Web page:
None of this clears our driveway or makes the trains run on time, but it puts us in a sunnier mood and maybe that makes it easier to deal with the insults of Winter.


bail bonds las vegas said...

Yes Winter can be brutal in certain parts. Enough to make one need prescription pyche meds.

Bail Bonds Henderson, NV

Daniel Haszard said...

Eli Lilly Zyprexa Settlement Stonewalling

Lilly's (NOW up to $4.6 billion) Zyprexa settlement payout is being stonewalled. 8 Lilly employees who are supposed 'whistle-blowers' are getting $ 10 million each the real victims like me are being ignored. 6 years on line anniversary promoting activism awareness of Eli Lilly Zyprexa

I am a living example of Zyprexa gone/done wrong was given it 1996-2000 off-label for PTSD got sudden high blood sugar A1C 14.7 in January 2000.The stuff was worthless for my condition PTSD and cost me thousands in co-pays gave me diabetes.
Eli Lilly has made $40 billion on Zyprexa and it was way oversold and caused diabetes and in some cases sudden death.

Zyprexa was pushed by Lilly Drug Reps
They called it the "VIVA ZYPREXA" campaign to off label market Eli Lilly Zyprexa as a fix for unapproved usage.

Zyprexa (Olanzapine) is known as an atypical antipsychotic It's mechanism of action is thought to be that it increases levels of serotonin and dopamine. It's chemical name is thienobenzodiazepine although is not a benzo like Valium (Diazepam).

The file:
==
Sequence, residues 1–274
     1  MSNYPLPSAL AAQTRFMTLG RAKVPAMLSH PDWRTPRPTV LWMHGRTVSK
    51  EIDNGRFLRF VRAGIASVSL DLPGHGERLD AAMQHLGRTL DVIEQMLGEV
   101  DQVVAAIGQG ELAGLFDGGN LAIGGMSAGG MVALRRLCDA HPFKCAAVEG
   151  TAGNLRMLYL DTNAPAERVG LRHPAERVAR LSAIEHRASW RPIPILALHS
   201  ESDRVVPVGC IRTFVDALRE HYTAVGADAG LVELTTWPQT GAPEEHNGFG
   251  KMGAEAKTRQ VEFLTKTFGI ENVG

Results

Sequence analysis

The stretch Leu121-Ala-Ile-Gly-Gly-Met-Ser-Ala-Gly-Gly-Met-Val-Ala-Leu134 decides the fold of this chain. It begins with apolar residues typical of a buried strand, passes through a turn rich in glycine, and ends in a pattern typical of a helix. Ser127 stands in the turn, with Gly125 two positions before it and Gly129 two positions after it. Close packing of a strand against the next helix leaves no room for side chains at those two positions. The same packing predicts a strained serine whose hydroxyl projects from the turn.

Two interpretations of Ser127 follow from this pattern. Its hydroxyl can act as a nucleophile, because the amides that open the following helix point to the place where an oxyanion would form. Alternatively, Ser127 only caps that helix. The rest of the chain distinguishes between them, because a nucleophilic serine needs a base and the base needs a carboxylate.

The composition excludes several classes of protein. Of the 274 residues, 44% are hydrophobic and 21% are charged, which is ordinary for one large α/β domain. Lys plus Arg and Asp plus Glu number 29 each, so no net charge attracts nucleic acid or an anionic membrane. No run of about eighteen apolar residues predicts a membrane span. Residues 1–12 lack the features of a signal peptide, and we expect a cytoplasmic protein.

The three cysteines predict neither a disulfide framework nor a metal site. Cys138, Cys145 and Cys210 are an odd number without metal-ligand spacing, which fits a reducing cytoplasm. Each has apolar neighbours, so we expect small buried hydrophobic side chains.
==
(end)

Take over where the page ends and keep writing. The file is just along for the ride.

One of it's well known major side effects is weight gain which is why it is sometimes favored for those with eating disorders (which would be an off label use)

Doctors are at liberty prescribe drugs 'off label' like Zyprexa which is only FDA approved for schizophrenia and bipolar.They can give it or just about any drug for conditions other than what the drug was tested for.The doctors don't realize that Zyprexa is very addictive once a dependence has been built up and withdrawal is wicked.

I took it 1996-2000 for PTSD and it was worthless for my symptoms and gave me diabetes with an A1C of 13.9 normal blood sugar is 4
I had to get off it and it took me two months of horrible insomnia,I did not sleep for weeks.
So,be warned Zyprexa is addictive,I think worst than nicotine and don't go off it unless you do so gradually under a doctor's care.
Daniel Haszard